Paper presented at the 5th International Conference on Heat Transfer, Fluid Mechanics and Thermodynamics, South Africa, 1-4 July, 2007.
The paper presents analysis of the high-pressure gas
quenching of metal elements, after their vacuum carbonisation
process, based on the computer simulation. The ANSYS-CFX
code has been used for this purpose. This transient quenching
process includes challenging problems, which requires deep
knowledge and application of heat transfer, fluid mechanics and
thermodynamics. The numerical simulation analysis method
focuses on a single element contained in an elementary,
repeatable section (usually a cuboid) of the whole batch. In this
study quenching of a steel cylinder of diameter d = 20mm and
length L = 150 mm is analysed. This approach allows defining
precisely: (i) the geometries of the metal element and of the
elementary cubical section associated with it and, also, (ii) flow
and thermal boundary conditions on the walls of this
elementary section. Above definition of the elementary section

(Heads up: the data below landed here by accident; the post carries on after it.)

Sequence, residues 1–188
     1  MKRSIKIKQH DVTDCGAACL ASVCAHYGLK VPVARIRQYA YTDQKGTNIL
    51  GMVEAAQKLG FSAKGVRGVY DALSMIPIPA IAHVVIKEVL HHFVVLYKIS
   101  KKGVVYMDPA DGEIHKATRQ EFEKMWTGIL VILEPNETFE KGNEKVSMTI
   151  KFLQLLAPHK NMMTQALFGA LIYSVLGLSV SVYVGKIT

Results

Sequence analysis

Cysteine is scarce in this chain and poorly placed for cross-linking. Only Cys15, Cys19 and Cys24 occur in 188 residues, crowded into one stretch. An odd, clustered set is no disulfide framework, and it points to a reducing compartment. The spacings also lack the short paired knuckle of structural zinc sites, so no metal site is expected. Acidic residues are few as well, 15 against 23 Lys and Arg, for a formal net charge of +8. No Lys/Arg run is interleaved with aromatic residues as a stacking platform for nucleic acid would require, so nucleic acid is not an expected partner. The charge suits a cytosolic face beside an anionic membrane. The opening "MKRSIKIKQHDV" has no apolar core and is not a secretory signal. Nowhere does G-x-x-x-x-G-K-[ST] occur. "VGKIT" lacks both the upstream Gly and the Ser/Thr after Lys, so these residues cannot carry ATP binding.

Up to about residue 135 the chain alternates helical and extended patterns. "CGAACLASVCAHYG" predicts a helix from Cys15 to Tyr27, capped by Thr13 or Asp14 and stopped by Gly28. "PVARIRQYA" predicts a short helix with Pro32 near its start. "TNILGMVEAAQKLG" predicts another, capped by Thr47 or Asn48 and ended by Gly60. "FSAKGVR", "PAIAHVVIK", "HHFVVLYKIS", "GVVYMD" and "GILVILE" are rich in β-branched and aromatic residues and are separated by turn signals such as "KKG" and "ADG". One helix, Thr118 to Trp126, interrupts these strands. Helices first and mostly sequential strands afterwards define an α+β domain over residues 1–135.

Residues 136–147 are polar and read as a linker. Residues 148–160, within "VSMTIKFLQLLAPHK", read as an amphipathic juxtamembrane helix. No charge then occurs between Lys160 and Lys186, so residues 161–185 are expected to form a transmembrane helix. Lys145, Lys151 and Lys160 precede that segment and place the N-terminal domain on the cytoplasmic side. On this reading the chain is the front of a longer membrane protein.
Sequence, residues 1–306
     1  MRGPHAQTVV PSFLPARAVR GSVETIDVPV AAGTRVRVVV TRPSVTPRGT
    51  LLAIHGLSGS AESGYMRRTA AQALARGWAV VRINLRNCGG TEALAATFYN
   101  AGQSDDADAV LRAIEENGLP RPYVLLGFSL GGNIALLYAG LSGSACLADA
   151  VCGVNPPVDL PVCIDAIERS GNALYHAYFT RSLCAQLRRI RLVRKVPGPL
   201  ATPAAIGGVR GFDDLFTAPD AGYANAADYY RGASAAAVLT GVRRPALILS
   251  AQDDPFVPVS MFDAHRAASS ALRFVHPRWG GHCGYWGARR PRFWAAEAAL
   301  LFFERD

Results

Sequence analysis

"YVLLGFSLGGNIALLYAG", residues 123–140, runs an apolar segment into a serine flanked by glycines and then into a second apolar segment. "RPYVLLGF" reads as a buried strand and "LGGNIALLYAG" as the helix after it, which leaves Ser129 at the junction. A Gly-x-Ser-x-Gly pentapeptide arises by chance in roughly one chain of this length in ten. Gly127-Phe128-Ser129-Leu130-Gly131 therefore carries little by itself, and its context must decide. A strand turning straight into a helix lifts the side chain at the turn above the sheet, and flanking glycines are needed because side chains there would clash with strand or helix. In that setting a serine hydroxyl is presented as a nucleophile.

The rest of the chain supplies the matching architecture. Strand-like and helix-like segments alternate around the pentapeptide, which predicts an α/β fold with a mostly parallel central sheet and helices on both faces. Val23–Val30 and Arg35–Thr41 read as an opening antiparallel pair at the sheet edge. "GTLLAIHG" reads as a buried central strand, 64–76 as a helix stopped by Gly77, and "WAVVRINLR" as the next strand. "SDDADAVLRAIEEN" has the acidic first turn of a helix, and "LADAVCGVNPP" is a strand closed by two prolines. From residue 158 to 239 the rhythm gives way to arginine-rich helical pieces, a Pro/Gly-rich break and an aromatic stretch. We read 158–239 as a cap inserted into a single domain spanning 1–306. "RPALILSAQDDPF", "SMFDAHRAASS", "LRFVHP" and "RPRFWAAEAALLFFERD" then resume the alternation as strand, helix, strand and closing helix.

(a computing domain) allows using the whole available
computing power for the quenching process simulation in it.
The ratio of volumes mentioned in (i) defines a “porosity of
batch” and the analysis covers the range from 7 to 70%. The
number of grid points used for the elementary section varies
from 55000 to 240000. The influence of the pressure gradient
value (a flow “driving force” through the elementary section)
and its direction – on temperature and quenching rate time
distributions in a steel element – is analysed and presented. The
use of periodicity and symmetry conditions, for the velocity
field, on the elementary section walls, allows simulating
different single element quenching conditions – reflecting its
position in the batch. The transient quenching has been usually
analysed for a fixed velocity field. However, the steel element
body thermal properties in this transient process varied –
appropriately to its time dependent temperature distribution.
The initial element temperature is assumed to be equal 1300 K.
The influence of different gases, i.e. argon, helium, nitrogen
and hydrogen, and their static pressures (up to 30 bar), on the
steel element quenching process, is analysed and presented.